December 11, 2008
There was something profound in the relationship between Daddy Hal and my Dodge Coronet.
Daddy Hal was my “grandfather” on my dad’s side. He wasn’t my actual blood granddad. That was a man named Cledys Watson, who died when my father was a young kid.
My grandmother (that would be “Grammy” to you) married Daddy Hal when my father was in his 20’s and before I was born. Daddy Hal was a very good, solid man, and he was great to my grandmother and really as good as he knew how to be to us grandkids. He was also a very conservative, precise, squared-away guy. He was a man of strongly fixed attitudes, routines, and practices – set like concrete in his ways.
He was, in other words, the kind of guy who never knew quite what to think of my first car.
I loved that car – a very used Dodge Coronet 440. I tricked it out and made it as pretty as anyone possibly could have with such a profoundly “previously owned” vehicle.
I gave that car a lot of very, very cool teenage touches that Daddy Hal didn’t exactly relate to – take the faux-leather steering wheel cover, please.
But in the end, deep down, I don’t think his problem was the exquisite seat covers or the fancy chrome tail pipe extension I added or any other detail.
I think it was the car. I’m not sure Daddy Hal ever really saw the need for a kid my age to have a car. He volunteered his opinion. I got history lessons and the privilege of hearing about how, when he was that age, he’d ridden a horse. Daddy Hal said that pony served him well for a long time and was about all he needed to get around.
Really, from the time he was 16 to the time I was 16, Daddy Hal didn’t change all that much. But the world did.
For a while now, I’ve compared those leaders who doubt the seriousness of climate change and importance of clean energy to my very, very dumb dog Emma. And, yes, that was pretty funny, if I do say so myself.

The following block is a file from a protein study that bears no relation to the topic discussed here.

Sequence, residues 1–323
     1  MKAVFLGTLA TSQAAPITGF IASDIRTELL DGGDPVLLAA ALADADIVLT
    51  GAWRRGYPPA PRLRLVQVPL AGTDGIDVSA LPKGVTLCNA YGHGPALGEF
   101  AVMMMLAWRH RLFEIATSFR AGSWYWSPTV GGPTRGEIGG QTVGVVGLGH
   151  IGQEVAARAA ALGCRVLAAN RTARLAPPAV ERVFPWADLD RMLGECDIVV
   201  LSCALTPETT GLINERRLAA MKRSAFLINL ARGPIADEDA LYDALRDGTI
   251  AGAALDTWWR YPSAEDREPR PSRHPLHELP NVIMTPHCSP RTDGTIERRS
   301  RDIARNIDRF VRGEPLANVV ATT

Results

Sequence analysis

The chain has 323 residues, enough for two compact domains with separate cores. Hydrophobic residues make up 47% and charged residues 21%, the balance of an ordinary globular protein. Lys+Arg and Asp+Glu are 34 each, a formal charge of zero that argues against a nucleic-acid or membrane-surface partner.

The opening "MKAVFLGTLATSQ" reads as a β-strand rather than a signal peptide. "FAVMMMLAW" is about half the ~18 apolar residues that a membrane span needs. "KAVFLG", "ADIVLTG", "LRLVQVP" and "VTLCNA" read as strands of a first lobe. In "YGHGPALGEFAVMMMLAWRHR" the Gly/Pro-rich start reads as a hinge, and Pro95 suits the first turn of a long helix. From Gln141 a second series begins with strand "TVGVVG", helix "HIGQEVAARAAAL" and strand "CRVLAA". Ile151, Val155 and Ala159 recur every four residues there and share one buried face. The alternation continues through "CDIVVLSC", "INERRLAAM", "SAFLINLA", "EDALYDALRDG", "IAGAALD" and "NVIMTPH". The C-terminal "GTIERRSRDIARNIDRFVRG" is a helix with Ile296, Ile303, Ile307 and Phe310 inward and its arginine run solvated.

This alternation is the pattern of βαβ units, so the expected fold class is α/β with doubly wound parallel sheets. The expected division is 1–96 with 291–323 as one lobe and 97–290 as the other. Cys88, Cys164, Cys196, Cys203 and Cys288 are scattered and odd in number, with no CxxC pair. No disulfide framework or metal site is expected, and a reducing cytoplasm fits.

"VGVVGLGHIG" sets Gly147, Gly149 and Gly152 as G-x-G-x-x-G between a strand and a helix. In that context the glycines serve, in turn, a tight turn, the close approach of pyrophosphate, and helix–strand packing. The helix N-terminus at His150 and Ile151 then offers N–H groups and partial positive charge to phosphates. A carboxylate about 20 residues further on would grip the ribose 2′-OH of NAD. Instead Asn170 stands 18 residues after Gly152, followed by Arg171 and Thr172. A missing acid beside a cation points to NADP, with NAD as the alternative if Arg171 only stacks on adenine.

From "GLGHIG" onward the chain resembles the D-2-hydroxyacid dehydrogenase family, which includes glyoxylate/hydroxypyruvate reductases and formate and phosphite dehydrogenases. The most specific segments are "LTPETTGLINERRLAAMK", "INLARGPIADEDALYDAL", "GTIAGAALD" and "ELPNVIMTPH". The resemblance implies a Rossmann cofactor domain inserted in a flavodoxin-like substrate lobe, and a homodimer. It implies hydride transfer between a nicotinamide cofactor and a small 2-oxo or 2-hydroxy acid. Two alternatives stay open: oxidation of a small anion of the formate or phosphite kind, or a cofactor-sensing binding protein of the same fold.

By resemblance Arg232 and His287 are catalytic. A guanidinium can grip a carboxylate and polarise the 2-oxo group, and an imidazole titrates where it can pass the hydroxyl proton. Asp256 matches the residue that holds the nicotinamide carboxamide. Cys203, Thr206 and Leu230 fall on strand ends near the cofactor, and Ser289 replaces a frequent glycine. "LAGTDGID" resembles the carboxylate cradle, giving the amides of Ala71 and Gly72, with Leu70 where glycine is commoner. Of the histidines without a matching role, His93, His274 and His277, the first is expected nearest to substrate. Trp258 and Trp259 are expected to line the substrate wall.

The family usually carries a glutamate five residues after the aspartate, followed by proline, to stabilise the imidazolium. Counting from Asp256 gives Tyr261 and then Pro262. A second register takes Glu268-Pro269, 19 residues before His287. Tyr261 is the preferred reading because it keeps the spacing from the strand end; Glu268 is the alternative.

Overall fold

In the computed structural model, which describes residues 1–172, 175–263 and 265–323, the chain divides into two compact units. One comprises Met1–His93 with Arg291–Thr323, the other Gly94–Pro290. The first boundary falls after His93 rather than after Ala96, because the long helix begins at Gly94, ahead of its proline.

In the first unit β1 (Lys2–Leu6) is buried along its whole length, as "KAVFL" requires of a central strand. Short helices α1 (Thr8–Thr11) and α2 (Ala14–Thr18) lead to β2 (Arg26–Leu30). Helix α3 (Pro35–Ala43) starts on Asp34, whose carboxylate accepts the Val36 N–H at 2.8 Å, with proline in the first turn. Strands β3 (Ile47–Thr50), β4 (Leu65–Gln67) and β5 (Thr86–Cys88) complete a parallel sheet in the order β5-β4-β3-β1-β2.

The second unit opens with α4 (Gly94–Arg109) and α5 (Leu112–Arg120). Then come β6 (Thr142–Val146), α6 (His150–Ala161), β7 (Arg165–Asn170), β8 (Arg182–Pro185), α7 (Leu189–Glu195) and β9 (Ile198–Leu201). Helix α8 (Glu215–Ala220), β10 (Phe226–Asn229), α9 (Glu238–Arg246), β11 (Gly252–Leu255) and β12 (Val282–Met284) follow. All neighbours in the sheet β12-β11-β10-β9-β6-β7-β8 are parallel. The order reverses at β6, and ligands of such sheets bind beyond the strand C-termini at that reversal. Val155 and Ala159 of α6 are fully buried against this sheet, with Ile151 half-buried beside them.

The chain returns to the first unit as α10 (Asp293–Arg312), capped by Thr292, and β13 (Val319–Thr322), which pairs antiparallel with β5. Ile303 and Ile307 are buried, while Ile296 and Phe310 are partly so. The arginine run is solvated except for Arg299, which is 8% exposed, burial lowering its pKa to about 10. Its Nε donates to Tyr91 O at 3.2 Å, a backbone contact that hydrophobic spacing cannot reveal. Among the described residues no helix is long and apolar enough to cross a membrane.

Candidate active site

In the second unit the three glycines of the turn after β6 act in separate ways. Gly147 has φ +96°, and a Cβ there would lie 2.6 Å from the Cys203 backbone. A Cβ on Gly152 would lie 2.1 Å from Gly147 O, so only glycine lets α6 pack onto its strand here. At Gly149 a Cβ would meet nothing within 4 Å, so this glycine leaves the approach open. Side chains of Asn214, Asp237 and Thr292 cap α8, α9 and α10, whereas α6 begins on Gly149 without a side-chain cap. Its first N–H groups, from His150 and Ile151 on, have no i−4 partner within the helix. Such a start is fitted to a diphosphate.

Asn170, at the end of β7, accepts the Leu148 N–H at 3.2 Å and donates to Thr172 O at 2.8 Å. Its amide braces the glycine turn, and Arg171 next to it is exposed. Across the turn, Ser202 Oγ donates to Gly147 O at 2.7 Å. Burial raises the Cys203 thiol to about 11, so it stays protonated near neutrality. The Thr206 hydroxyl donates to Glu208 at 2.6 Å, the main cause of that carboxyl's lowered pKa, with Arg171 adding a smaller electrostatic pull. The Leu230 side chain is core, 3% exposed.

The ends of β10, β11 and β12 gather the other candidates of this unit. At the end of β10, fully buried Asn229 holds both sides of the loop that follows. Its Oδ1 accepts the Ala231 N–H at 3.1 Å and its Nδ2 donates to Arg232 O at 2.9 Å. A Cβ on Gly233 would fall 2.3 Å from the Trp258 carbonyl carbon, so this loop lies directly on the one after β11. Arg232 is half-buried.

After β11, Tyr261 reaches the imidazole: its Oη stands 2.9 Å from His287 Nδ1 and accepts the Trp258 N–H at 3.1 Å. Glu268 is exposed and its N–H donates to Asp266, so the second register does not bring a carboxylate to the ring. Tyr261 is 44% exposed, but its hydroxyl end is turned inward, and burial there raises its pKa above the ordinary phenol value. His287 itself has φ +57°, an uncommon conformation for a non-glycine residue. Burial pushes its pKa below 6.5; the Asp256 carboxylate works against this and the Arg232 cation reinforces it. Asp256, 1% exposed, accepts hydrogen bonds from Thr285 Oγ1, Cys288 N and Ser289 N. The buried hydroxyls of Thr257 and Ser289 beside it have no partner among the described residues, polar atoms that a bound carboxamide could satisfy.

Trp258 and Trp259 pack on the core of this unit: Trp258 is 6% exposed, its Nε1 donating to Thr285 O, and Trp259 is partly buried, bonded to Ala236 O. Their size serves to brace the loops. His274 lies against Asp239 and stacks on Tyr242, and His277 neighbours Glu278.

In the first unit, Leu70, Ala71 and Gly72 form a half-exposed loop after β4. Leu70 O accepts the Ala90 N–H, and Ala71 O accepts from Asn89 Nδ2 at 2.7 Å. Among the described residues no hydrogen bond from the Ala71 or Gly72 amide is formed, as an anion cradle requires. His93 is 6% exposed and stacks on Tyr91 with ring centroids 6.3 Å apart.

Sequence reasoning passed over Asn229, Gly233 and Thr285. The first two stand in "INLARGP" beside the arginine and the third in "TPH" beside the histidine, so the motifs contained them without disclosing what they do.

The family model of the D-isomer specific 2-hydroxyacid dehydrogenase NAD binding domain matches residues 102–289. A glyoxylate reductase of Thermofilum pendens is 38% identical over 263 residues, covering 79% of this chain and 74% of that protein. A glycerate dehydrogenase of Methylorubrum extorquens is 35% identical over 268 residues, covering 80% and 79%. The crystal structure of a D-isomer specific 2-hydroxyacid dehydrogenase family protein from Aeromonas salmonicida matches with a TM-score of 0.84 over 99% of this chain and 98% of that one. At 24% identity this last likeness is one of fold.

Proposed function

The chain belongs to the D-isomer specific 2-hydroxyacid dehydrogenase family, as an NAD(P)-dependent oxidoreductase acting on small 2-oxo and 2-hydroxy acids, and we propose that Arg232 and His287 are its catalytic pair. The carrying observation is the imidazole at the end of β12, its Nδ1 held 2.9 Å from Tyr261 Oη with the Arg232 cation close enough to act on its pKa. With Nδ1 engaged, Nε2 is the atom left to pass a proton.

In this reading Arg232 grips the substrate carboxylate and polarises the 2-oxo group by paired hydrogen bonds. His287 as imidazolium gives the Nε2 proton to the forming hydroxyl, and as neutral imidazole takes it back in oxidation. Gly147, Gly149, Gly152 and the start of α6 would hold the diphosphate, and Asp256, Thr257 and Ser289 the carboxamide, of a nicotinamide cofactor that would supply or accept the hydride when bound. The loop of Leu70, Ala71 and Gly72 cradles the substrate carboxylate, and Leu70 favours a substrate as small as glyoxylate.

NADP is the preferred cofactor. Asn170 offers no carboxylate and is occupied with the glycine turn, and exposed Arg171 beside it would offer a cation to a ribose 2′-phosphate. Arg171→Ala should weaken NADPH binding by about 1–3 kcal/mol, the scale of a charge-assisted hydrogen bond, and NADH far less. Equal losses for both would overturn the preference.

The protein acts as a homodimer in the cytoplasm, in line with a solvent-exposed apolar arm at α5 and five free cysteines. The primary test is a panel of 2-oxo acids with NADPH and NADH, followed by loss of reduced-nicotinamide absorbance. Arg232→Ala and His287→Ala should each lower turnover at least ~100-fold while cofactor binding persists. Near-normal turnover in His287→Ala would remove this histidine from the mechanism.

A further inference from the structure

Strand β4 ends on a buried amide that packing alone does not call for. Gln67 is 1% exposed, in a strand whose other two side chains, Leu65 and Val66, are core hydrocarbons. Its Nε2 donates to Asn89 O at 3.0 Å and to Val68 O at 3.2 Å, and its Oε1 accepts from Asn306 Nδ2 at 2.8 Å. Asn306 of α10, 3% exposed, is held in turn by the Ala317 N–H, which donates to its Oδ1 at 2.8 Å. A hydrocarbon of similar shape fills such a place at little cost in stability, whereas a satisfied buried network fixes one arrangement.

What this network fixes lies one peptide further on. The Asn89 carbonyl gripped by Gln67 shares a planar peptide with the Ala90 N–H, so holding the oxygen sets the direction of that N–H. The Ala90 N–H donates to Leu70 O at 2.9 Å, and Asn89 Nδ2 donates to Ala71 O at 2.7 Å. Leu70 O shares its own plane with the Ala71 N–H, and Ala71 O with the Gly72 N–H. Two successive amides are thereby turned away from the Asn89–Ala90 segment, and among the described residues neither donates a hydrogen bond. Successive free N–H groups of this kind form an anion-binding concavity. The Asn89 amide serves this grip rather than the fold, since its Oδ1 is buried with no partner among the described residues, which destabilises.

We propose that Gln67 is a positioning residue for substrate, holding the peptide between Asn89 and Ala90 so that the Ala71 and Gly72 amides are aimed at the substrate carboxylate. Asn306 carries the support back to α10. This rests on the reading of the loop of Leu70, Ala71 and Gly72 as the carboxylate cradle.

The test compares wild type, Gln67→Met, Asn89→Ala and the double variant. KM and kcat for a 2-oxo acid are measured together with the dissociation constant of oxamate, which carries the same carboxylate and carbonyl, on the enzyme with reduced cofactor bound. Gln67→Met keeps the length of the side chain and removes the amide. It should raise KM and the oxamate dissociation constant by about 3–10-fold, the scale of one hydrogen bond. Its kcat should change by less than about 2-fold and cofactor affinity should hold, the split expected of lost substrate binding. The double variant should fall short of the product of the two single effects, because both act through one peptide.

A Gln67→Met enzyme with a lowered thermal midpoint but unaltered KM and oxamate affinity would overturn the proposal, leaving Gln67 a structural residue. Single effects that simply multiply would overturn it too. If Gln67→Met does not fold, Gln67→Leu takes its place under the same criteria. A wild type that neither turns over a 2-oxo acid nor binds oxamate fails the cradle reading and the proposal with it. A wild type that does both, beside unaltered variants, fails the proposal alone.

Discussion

But they’re really more like Daddy Hal – they’re having a hard time understanding how much the world has changed and where they’ll end up if they don’t change along with it. That wouldn’t necessarily be a problem, except that as some of these particular folks fall behind the rest of the world, they’ll drag too many of us backwards with them.
More and more of the world is approaching this issue in a dramatically new way. And the debate over clean energy doesn’t hang as much anymore on the complexities of climate science, futuristic technology, and energy economics. At this point, it all really comes down to one question:
Are we going to embrace the future, or are we going to fight it?
That question only gets more urgent as certain members of the state’s leadership stand in defiance of likely federal action on climate change – and in open contempt of the scientific consensus that has come to define this issue. In fact, the most remarkable thing to me about Texas’ debate over climate change is how so much of the world has moved beyond it.
This isn’t a traditional environment-vs.-business issue anymore, not by a long shot. It’s about our economy. It’s about our future.